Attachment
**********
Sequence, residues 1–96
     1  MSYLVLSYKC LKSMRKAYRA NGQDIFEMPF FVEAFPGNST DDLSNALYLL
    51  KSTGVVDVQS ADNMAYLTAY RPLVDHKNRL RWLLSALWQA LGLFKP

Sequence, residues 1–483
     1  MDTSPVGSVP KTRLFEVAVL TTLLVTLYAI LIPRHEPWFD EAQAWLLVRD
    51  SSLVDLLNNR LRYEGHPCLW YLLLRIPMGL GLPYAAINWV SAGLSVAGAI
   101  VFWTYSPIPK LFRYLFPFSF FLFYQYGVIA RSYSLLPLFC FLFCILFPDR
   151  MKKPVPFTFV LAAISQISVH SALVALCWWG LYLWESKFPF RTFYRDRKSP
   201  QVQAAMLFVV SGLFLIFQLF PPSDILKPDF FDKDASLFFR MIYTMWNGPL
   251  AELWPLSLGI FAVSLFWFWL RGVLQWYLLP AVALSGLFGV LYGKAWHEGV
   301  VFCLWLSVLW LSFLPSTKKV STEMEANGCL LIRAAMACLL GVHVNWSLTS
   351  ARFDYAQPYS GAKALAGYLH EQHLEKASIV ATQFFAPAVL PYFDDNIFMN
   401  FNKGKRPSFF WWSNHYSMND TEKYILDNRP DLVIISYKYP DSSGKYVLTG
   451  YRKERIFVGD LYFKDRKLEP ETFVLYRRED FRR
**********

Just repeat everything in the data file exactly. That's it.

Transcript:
Sequence, residues 1–96
     1  MSYLVLSYKC LKSMRKAYRA NGQDIFEMPF FVEAFPGNST DDLSNALYLL
    51  KSTGVVDVQS ADNMAYLTAY RPLVDHKNRL RWLLSALWQA LGLFKP

Sequence, residues 1–483
     1  MDTSPVGSVP KTRLFEVAVL TTLLVTLYAI LIPRHEPWFD EAQAWLLVRD
    51  SSLVDLLNNR LRYEGHPCLW YLLLRIPMGL GLPYAAINWV SAGLSVAGAI
   101  VFWTYSPIPK LFRYLFPFSF FLFYQYGVIA RSYSLLPLFC FLFCILFPDR
   151  MKKPVPFTFV LAAISQISVH SALVALCWWG LYLWESKFPF RTFYRDRKSP
   201  QVQAAMLFVV SGLFLIFQLF PPSDILKPDF FDKDASLFFR MIYTMWNGPL
   251  AELWPLSLGI FAVSLFWFWL RGVLQWYLLP AVALSGLFGV LYGKAWHEGV
   301  VFCLWLSVLW LSFLPSTKKV STEMEANGCL LIRAAMACLL GVHVNWSLTS
   351  ARFDYAQPYS GAKALAGYLH EQHLEKASIV ATQFFAPAVL PYFDDNIFMN
   401  FNKGKRPSFF WWSNHYSMND TEKYILDNRP DLVIISYKYP DSSGKYVLTG
   451  YRKERIFVGD LYFKDRKLEP ETFVLYRRED FRR